Philosophy and computing in the age of data science
In its next issue the Economist will feature an article on the key role that machine learning and Big Data have in reaching scientific breakthroughs in biology. This is just the latest article stressing the opportunities that come with machine learning, Big Data, data science and, more in general, computing. I believe that it is of the utmost importance that these opportunities will not be missed and also that philosophy has a central role to this end.
In my first editorial letter for Minds and Machines, I argued that philosophy and computing have often been related in the history of human culture and that this relation has grown to define an entire area of philosophical enquiry. For the past decade we thought of this area as delineated by two Cartesian axes: conceptual and methodological. On the conceptual axis we find the deep philosophical questions concerning the concepts of information, computation, algorithms, cognition, intelligence, and language. On the methodological axis we find philosophical research developed through computer science methods, formal methods and levels of abstraction being notable examples.
However, something is missing from this picture. As the information revolution unveils its full potential, we come to realise that computing has changed our daily practises and, more than that, it has provided us with new lenses to understand our environment and with new means to shape it—consider for example the impact of machine learning, Big Data, data science, and virtual reality on scientific research. These changes prompt new philosophical enquiries, which do not belong to the conceptual or the methodological axes, rather they are located on a third Cartesian axis, the contextual one.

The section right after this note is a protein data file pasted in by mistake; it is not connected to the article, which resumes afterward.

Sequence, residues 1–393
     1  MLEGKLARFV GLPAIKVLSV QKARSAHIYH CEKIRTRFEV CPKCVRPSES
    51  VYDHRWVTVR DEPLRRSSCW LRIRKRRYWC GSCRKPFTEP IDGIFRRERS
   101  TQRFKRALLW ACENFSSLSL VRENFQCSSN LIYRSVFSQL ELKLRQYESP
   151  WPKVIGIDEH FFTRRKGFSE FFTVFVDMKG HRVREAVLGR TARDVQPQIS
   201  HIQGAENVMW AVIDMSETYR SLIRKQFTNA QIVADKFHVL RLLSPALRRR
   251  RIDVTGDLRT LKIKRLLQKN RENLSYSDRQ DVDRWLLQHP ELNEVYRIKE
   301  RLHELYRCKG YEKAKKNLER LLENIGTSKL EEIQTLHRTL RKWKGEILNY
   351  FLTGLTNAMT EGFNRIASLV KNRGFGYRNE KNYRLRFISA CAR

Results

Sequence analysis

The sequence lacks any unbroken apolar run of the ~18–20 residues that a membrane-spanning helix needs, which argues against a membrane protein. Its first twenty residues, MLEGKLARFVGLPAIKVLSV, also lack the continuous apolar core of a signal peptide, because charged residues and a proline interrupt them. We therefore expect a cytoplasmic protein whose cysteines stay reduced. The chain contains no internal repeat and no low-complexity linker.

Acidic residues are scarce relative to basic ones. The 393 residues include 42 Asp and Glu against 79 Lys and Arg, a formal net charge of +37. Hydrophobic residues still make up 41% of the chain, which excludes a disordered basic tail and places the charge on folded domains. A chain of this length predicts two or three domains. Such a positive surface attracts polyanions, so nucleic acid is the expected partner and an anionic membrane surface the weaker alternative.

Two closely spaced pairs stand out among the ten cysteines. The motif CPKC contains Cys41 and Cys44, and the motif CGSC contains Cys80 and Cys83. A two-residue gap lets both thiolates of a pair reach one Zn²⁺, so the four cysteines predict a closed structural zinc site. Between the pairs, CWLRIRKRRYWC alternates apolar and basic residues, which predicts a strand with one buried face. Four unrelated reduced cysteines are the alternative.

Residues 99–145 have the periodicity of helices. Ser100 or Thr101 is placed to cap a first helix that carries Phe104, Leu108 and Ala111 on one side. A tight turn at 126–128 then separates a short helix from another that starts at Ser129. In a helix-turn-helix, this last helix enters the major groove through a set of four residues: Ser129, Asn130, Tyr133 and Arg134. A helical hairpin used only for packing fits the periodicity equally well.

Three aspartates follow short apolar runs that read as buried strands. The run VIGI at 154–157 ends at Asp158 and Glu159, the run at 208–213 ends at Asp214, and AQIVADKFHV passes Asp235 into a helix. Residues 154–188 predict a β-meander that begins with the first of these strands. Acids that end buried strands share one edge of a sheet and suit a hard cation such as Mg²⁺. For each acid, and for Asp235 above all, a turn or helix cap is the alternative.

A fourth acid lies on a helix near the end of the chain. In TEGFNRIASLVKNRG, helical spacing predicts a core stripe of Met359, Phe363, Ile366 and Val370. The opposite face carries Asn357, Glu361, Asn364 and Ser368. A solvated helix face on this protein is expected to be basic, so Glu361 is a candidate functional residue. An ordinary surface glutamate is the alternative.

Philosophical enquiries located along the contextual axis face new, pressing problems, concerning the way we produce scientific knowledge (philosophy of science), the nature of this knowledge (epistemology, and of the tools we use to produce it (philosophy of computing, philosophy of mathematics, and philosophy of statistics), as well as their ethical implications (ethics). It is with the contextual axis in the picture that the area of philosophy and computing is fully delineated and its importance becomes evident.
Philosophical analyses change over time to reflect their context; the scientific knowledge on which societies rely and the principles, both ethical and cultural, that shape them. The value of philosophy rests in this dynamism. Philosophy remains meaningful insofar as it changes to address the needs of the social, cultural, and historical context to which it belongs. A meaningful philosophy is a philosophy of its time. Together the three Cartesian axes ground philosophy in the information age. They embed it in its time and, in doing so, they contribute to enhance the value of philosophical analyses.
As new milestones have been achieved in cognitive science, artificial intelligence, and quantum computing, philosophical analyses resting on the conceptual and methodological analyses remain valid and important to pursue. At the same time, it is crucial to focus also on those philosophical enquiries located along the contextual axis. These will further our understanding of the reality in which we live and, by doing in so, they will contribute to shaping a better one for current and future generations. The alternative is too dangerous, as it may make philosophy and computing an aseptic, if not an uninteresting, area of research.
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